19 April 2009 Filed in: Music
Listen to Adagio Gamma
This piece is called Adagio Gamma because it is a slow piece using Carlos Gamma tuning system.
Actually this piece is based on a dodecatonic mode of Carlos Gamma devised by X.J.Scott. It means that the piece uses 12 of the available 20 equal divisions of a just perfect fifth following the pattern: 2, 2, 1, 2, 2, 2, 2, 1, 1, 1, 2, 2.
This arrangement looks good on a standard piano keyboard because an octave span equals an interval of a just perfect fifth with steps of 35.098 and 70.196 cents.
This is the first time I try out Gamma. I started out with a single melody that gets repeated a few times transposed by 12 midi steps, that in this case means up or down a just perfect fifth! I have also used a few other techniques like pitch and position inversion. The second part of the piece is harmonically thicker but mostly modal.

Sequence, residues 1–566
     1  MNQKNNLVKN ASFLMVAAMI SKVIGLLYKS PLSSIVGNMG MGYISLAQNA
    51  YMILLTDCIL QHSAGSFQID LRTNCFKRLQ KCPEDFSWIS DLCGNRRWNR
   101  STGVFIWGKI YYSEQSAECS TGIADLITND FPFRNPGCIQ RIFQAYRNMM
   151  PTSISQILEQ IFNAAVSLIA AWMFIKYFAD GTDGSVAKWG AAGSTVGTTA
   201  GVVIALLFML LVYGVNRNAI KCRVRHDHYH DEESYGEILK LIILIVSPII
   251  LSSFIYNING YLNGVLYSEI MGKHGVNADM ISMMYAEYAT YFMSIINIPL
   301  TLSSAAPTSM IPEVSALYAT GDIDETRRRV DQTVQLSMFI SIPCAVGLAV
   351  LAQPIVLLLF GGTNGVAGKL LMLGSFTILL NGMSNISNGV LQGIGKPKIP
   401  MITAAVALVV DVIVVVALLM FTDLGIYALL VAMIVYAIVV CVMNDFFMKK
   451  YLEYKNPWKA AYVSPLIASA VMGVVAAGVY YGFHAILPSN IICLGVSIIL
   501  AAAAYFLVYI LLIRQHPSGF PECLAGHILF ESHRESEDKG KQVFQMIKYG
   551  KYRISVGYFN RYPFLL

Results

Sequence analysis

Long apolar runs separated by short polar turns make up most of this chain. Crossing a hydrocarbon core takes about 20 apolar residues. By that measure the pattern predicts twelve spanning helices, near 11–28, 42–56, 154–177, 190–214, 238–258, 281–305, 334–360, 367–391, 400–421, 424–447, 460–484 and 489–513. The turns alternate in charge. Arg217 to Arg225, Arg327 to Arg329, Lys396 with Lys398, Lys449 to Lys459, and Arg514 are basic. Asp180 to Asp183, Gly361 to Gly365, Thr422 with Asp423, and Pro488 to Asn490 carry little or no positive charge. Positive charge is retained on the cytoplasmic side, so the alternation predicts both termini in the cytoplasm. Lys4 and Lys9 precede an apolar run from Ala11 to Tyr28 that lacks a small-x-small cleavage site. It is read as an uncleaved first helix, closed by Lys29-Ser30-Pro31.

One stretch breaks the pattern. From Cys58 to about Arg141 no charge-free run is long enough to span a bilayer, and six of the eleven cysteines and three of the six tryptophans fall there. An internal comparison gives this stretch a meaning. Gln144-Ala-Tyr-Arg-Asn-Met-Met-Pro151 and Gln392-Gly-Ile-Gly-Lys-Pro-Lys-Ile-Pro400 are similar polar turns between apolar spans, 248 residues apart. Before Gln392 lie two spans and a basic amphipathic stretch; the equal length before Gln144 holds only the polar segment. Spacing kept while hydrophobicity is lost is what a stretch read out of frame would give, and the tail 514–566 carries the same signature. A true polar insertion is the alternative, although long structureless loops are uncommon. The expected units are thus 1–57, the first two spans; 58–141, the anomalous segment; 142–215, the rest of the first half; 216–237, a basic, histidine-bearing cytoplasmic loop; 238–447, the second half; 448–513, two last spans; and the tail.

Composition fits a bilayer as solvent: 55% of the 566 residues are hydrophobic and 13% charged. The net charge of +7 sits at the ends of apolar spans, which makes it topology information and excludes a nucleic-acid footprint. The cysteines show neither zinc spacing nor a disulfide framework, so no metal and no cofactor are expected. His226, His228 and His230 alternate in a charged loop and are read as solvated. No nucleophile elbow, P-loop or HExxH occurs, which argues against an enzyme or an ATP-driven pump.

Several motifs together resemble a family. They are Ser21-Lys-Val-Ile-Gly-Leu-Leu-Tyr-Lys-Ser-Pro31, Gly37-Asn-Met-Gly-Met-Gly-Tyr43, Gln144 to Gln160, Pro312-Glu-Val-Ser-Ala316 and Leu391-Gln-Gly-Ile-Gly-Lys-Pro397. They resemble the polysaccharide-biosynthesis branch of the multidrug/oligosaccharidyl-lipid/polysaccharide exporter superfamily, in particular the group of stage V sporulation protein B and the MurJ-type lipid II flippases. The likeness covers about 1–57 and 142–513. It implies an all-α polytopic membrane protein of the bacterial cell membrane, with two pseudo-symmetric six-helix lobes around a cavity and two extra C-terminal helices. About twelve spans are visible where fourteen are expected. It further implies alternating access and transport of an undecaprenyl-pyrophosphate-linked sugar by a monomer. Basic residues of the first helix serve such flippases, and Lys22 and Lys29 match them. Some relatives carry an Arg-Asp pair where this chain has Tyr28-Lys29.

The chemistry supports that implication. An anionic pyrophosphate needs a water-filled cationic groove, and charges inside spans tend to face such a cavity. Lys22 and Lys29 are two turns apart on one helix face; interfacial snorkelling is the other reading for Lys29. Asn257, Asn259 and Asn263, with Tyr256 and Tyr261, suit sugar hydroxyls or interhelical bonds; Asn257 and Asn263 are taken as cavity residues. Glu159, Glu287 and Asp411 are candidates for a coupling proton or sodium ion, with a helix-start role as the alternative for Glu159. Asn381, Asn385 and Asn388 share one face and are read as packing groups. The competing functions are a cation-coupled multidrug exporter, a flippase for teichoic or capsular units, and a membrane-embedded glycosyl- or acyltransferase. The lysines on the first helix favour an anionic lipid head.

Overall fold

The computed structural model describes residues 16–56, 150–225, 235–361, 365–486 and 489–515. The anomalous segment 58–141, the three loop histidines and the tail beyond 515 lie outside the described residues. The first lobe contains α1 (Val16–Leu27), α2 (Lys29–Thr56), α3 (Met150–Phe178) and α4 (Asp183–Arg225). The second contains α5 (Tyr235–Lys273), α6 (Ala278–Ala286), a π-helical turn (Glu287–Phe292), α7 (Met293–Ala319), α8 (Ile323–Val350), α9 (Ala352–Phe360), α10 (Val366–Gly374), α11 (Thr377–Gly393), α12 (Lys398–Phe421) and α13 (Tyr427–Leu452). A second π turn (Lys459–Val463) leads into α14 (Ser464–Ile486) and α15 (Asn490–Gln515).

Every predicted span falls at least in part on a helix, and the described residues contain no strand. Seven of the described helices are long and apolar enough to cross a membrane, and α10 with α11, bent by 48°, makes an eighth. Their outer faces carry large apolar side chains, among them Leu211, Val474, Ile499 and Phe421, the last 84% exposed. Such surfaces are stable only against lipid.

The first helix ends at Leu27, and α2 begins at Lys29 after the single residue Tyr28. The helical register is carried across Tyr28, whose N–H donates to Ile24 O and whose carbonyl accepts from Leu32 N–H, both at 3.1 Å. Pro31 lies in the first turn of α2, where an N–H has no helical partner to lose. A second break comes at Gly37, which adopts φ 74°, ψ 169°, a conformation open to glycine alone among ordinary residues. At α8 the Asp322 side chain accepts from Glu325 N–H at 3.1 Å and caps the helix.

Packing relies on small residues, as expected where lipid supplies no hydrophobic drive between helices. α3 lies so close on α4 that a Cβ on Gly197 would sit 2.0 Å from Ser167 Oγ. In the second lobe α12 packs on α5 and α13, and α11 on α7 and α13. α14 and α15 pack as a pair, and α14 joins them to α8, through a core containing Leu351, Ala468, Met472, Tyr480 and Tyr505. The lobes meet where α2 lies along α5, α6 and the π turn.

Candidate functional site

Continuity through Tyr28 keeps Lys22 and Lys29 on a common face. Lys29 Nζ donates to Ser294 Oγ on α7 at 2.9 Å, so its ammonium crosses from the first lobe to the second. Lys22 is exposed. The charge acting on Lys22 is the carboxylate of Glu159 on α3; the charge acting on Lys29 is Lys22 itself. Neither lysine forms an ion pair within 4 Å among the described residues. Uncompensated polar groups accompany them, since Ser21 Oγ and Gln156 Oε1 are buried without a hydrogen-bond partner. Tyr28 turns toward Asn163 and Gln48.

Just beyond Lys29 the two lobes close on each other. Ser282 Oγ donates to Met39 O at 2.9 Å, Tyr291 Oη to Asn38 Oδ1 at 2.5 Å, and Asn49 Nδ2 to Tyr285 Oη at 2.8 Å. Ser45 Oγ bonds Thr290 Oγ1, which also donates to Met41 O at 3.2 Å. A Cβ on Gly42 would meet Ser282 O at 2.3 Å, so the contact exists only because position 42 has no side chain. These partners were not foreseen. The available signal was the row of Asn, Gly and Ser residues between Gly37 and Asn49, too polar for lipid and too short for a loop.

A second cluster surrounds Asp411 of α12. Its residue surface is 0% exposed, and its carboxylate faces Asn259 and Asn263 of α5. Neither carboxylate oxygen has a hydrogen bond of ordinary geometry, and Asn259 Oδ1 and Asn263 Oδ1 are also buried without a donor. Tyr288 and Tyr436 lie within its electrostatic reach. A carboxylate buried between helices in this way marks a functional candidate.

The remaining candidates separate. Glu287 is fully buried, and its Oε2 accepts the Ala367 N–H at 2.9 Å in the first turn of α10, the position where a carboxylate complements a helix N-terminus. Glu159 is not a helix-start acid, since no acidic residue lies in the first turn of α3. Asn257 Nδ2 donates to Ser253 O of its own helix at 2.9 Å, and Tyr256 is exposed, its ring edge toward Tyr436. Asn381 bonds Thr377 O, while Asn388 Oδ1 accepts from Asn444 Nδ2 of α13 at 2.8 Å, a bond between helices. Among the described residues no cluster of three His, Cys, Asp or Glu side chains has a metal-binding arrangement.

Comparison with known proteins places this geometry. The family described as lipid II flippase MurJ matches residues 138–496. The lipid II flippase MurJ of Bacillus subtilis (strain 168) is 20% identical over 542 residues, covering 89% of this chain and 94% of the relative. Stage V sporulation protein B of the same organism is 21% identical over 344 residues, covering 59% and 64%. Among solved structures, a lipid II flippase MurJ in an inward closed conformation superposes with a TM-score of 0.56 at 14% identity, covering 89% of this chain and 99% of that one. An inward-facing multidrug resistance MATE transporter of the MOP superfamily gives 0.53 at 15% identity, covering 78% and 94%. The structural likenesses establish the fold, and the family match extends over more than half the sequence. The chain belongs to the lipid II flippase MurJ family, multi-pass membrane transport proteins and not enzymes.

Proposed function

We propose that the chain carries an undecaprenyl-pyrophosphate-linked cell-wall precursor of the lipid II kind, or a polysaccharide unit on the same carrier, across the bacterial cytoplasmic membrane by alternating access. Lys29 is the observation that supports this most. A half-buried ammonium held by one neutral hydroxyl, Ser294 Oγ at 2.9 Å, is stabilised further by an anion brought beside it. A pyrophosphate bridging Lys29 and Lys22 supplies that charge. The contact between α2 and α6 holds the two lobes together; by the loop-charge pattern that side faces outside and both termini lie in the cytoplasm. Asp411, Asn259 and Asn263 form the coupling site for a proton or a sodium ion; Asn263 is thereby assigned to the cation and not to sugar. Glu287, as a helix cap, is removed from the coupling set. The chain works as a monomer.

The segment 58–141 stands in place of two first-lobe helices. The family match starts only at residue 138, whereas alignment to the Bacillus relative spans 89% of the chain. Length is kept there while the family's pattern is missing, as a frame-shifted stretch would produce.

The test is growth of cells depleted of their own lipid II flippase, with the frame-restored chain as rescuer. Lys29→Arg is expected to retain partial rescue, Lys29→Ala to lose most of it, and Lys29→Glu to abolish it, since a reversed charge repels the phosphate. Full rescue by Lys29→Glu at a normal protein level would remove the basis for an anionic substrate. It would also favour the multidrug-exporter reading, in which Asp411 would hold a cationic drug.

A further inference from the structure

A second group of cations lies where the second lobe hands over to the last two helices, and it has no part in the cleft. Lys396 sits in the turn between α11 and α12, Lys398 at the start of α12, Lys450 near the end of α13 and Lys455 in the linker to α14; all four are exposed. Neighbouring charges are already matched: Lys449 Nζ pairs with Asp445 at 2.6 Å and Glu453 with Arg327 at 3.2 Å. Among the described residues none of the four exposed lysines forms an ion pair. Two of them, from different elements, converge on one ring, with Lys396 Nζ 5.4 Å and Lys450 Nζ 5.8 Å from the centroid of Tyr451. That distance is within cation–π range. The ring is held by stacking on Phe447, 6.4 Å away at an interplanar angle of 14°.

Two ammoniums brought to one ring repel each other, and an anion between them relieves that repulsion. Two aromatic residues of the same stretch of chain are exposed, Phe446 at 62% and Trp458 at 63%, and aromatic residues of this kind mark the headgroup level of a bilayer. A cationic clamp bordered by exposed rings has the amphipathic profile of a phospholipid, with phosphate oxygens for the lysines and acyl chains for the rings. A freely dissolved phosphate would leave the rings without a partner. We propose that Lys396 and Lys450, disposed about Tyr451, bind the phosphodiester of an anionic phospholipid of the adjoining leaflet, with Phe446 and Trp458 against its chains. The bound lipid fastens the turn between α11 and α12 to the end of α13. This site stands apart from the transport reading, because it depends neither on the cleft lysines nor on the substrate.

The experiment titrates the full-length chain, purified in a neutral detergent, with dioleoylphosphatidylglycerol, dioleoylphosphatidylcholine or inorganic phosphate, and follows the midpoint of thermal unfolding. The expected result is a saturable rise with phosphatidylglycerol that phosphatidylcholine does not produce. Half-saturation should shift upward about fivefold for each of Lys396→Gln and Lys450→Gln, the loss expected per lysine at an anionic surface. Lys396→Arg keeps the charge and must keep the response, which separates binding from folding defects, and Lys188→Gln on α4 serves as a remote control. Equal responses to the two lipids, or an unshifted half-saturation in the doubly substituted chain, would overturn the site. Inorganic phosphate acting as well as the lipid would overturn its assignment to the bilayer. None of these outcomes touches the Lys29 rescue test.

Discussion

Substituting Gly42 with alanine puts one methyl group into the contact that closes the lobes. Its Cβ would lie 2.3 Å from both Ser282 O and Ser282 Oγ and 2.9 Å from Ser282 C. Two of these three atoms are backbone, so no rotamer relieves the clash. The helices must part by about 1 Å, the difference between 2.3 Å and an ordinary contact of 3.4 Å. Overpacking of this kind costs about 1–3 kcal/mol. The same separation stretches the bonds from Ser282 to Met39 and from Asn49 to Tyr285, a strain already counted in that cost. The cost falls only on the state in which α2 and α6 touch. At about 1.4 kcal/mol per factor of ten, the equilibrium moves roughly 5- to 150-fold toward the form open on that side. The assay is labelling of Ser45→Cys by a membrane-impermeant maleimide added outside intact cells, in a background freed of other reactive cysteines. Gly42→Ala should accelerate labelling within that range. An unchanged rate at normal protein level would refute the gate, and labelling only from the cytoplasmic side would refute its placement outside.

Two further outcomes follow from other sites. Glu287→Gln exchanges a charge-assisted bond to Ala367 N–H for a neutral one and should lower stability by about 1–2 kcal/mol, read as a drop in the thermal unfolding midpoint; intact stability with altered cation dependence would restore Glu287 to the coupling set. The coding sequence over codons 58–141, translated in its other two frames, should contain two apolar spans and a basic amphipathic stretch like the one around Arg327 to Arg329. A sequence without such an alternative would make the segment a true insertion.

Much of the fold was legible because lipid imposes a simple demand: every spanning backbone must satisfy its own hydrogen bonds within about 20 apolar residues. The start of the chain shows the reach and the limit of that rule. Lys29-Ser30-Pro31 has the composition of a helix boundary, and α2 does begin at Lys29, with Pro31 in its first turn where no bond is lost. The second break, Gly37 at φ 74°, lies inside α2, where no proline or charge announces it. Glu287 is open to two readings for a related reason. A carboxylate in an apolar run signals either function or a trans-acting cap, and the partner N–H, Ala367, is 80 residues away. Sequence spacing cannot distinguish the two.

Wendy Carlos states:
"Gamma is also slightly smoother than Alpha or Beta, having no palpable difference from Just tuning in harmonies, which is saying a lot. You really have to go further, up to 53-step E.T., to find another nearly perfect equal division, yet Gamma is noticeably freer of beats than even that venerable tuning. Why was it overlooked for so long? You guessed it, it's not symmetrical about the octave, and so was excluded a priori from everybody's search."
Gamma is a nonoctave scale: its repeat ratio is a just perfect fifth, not an octave. The closest intervals to 1200 cents (an octave) are 1193.324 and 1228.421 cents.
I plan to compose more music using Gamma once I will get the right tool to play it....